MINM Review: The Lying Game by Ruth Ware

A coming-of-age tale that takes an unsettling turn when a web of secrets and lies
begins to entangle a diverse group of women back into their
shared and inescapable past.

Violence: Mild-to-Moderate

Profanity: Mild-to-Moderate

Sexual Content: Mild-to-Moderate

Explicit Language: Mild-to-Moderate

Animal Cruelty: Mild

Thrilling Action: Mild

Red Herrings: Mild-to-Moderate

Twists and Turns: Mild-to-Moderate

Suspense: Mild-to-Moderate

Plot Development: Moderate

Character Development: Moderate

Pages: 370 (Hardcover)

Best for Crime Fiction Readers:

  • Who enjoy coming-of-age tales.
  • Who enjoy "women-centric" crime fiction. The Lying Game highlights diverse female friendships, as well as parenting rewards and challenges.
  • Who enjoy atmospheric crime fiction set in eerie, isolated locations.
  • Who appreciate character-rich crime fiction - The Lying Game is lighter on suspense until approximately the final 10%.
  • Who enjoy boarding school stories. The Lying Game includes flashbacks of boarding school train journeys, and experiences. You just may find yourself thinking of Hogwarts!

MINM Overall Rating: 4.5/5

The Lying Game by Ruth Ware book cover image.jpg

Publisher's Blurb:

From the instant New York Times bestselling author of blockbuster thrillers In a Dark, Dark Wood and The Woman in Cabin 10 comes Ruth Ware’s chilling new novel.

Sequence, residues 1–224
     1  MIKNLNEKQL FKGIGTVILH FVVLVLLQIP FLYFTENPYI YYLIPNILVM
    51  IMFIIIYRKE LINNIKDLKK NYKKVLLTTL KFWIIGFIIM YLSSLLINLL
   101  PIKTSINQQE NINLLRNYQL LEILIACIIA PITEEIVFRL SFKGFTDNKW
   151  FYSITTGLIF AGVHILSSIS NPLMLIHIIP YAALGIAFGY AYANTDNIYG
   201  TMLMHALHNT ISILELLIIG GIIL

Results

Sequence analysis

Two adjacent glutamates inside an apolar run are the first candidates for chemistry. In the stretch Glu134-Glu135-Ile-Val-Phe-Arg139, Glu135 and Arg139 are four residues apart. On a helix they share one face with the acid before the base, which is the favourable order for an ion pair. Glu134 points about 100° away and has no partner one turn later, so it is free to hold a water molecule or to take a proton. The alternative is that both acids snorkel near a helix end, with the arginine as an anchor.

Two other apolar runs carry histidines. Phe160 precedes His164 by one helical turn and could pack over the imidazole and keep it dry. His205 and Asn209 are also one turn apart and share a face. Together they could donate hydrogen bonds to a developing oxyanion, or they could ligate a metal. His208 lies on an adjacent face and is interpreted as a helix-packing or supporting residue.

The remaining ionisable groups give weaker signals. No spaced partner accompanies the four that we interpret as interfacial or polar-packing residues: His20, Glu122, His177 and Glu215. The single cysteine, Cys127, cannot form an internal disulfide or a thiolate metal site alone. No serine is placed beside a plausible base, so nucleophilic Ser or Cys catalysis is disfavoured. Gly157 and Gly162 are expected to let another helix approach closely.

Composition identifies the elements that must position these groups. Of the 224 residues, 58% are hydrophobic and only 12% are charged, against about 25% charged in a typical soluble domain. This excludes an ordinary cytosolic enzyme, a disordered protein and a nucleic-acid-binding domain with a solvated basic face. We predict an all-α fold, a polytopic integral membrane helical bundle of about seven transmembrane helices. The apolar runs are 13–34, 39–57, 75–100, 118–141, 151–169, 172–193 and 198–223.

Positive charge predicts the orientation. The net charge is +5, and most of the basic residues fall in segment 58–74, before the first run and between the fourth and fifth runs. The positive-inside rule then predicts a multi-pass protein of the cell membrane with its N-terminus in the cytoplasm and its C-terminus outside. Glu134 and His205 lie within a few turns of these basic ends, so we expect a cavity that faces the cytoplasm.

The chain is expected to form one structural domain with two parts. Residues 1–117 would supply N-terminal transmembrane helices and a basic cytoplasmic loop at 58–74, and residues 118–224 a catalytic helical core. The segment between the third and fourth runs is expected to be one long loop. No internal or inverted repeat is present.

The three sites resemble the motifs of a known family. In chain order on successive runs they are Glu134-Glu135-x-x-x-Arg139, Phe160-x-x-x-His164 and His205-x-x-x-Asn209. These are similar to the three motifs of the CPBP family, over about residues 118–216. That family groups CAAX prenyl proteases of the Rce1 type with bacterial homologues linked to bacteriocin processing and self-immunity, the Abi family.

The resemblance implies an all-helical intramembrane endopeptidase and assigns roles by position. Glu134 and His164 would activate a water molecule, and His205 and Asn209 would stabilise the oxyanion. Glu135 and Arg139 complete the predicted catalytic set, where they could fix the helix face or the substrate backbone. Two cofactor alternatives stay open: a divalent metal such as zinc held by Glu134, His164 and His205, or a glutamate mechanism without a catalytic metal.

On a cool June morning, a woman is walking her dog in the idyllic coastal village of Salten along a tidal estuary known as the Reach. Before she can stop him, the dog charges into the water to retrieve what first appears to be a wayward stick, but to her horror, turns out to be something much more sinister...

The next morning, three women in and around London—Fatima, Thea, and Isabel—receive the text they had always hoped would NEVER come, from the fourth in their formerly inseparable clique, Kate, that says only, “I need you.”

The four girls were best friends at Salten, a second rate boarding school set near the cliffs of the English Channel. Each different in their own way, the four became inseparable and were notorious for playing the Lying Game, telling lies at every turn to both fellow boarders and faculty, with varying states of serious and flippant nature that were disturbing enough to ensure that everyone steered clear of them. The myriad and complicated rules of the game are strict: no lying to each other—ever. Bail on the lie when it becomes clear it is about to be found out. But their little game had consequences, and the girls were all expelled in their final year of school under mysterious circumstances surrounding the death of the school’s eccentric art teacher, Ambrose (who also happens to be Kate’s father).

Atmospheric, twisty, and with just the right amount of chill that will keep you wrong-footed—which has now become Ruth Ware’s signature style—The Lying Game is sure to be her next big bestseller. Another unputdownable thriller from the Agatha Christie of our time.